Tuesdays & Thursdays, 8:00 a.m. – 9:15 a.m.
008 Life Sciences Building
PL SC 543
Political Representation in American Politics
Professor Marie Hojnacki
The purpose of this seminar is to acquaint you with the significant concepts, ideas, and research questions addressed in recent and classic studies of political representation. Questions pertaining to the representation of citizens’ interests and to the responsiveness of government to citizen preferences are central to our understanding of American politics. Indeed, assessments of the nature and quality of democratic governance hinge, at least to some extent, on the degree to which government officials are responsive to citizen concerns and attentive to their interests. The topics we will survey during the seminar include the different dimensions of representation; biases and inequality in representation; organized interests and political parties as representational intermediaries; and, how normative considerations shape expectations about representation in practice. Throughout the seminar we will be attentive to how political scientists formulate and execute research on political representation, as well as how the design of this research affects what we know about representation. The seminar is designed to meet the needs of graduate students in political science who hope at some time in the future to do original research, master a doctoral field, or teach in one or more aspects of American politics.
Seminar participants will be required to engage in extensive careful reading and to contribute to weekly discussion. To facilitate both participation in the weekly seminars and critical thinking about the work we cover, seminar participants will be required to prepare short written critical responses to the readings. Each seminar participant also will be required to lead the seminar on a selected week, and to undertake an original research project that takes up questions relevant to our understanding of representation.
Wednesdays, 3:00 p.m. – 6:00 p.m.
105 Agricultural Science and Industries Building
PL SC 550
Introduction to Comparative Politics
Professor Matthew Golder
This course is the core seminar for the field of comparative politics in the political science Ph.D. program. It provides an introduction to the dominant questions, theories, and empirical research in comparative politics. The substantive topics covered in the class include democracy and dictatorship, democratic performance, political institutions, culture and identity issues, civil war, elections and political parties, representation and accountability, and political economy. The course has two goals: (i) to prepare students for a research career in comparative politics by providing a general survey of the field and (ii) to help prepare graduate students for the comprehensive examination in comparative politics.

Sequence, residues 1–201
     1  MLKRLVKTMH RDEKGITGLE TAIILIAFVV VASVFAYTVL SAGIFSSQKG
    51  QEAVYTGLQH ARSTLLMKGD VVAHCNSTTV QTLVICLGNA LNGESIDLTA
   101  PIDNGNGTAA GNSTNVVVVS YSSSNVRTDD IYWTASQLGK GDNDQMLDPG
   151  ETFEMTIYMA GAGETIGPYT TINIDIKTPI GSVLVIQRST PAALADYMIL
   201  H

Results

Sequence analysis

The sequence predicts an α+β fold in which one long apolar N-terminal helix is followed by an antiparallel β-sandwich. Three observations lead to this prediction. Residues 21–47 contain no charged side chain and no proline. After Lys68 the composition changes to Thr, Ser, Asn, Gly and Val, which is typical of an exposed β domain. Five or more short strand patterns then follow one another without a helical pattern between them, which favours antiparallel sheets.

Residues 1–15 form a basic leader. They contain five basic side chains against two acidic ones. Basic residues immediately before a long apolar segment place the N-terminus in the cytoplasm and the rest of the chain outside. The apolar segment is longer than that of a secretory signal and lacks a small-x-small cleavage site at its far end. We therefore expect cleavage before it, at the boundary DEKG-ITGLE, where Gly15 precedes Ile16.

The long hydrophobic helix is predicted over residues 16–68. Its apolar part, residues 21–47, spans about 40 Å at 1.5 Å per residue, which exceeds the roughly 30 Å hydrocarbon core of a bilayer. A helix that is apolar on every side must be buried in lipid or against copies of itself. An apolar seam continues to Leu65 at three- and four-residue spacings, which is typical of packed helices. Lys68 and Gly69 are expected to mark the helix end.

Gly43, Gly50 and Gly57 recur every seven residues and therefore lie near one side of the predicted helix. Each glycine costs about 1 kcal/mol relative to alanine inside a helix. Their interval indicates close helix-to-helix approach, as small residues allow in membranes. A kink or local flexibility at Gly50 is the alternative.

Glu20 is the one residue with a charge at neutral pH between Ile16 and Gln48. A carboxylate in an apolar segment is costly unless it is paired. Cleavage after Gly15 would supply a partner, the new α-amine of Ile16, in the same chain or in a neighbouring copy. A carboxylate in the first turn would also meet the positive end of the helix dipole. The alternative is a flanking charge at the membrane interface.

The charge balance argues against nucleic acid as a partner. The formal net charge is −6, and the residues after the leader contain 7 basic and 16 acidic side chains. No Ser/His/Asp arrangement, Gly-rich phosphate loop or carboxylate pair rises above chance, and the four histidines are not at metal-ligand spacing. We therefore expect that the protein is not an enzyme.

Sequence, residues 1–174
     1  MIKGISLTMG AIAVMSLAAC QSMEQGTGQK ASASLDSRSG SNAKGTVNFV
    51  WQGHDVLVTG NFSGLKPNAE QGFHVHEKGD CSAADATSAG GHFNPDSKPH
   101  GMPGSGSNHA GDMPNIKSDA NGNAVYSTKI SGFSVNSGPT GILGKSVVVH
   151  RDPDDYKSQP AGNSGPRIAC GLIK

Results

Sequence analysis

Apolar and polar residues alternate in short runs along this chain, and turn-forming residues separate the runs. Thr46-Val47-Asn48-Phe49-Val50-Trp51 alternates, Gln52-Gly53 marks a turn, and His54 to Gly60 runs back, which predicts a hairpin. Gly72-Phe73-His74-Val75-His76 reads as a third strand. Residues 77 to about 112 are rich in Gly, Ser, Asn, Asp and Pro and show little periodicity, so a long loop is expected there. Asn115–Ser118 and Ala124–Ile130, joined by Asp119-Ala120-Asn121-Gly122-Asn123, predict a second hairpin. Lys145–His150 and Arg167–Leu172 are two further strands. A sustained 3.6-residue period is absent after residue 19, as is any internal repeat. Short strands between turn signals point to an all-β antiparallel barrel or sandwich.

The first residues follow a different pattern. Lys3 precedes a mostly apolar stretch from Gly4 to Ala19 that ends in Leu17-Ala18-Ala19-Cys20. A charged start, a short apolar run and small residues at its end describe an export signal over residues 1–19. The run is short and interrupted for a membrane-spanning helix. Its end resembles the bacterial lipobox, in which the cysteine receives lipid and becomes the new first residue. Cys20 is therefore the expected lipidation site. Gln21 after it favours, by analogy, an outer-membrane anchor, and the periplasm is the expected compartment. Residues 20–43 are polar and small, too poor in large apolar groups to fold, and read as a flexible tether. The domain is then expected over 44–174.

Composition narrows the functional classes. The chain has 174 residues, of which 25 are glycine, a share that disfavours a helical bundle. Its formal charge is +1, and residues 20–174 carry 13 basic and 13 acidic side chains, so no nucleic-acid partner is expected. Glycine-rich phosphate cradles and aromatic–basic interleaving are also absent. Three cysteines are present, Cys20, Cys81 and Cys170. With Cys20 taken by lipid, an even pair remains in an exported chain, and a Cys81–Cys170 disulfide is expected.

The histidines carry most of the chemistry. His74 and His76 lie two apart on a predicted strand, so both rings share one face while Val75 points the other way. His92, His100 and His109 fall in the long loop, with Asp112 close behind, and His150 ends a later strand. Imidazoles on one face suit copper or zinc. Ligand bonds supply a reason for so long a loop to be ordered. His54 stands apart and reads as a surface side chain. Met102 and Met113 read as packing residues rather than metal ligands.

Mondays, 1:00 p.m. – 4:00 p.m.
236 Pond Lab
PL SC 551
Comparative Political Economy
Professor Vineeta Yadav
This class aims to provide an introduction to and an overview of the role of domestic political institutions in current research in comparative and international political economy. Political economy in its entirety explores how domestic and international political configurations (institutions, structures, etc.) and events (elections, coups, oil shocks, currency crisis, etc.) systematically produce certain specific economic policies, and influence their effects. In this class we will focus onlyon the first of these two broad categories of work – the role of domestic political institutions in initiating, enacting and implementing economic outcomes. The class assumes students have taken the comparative seminar.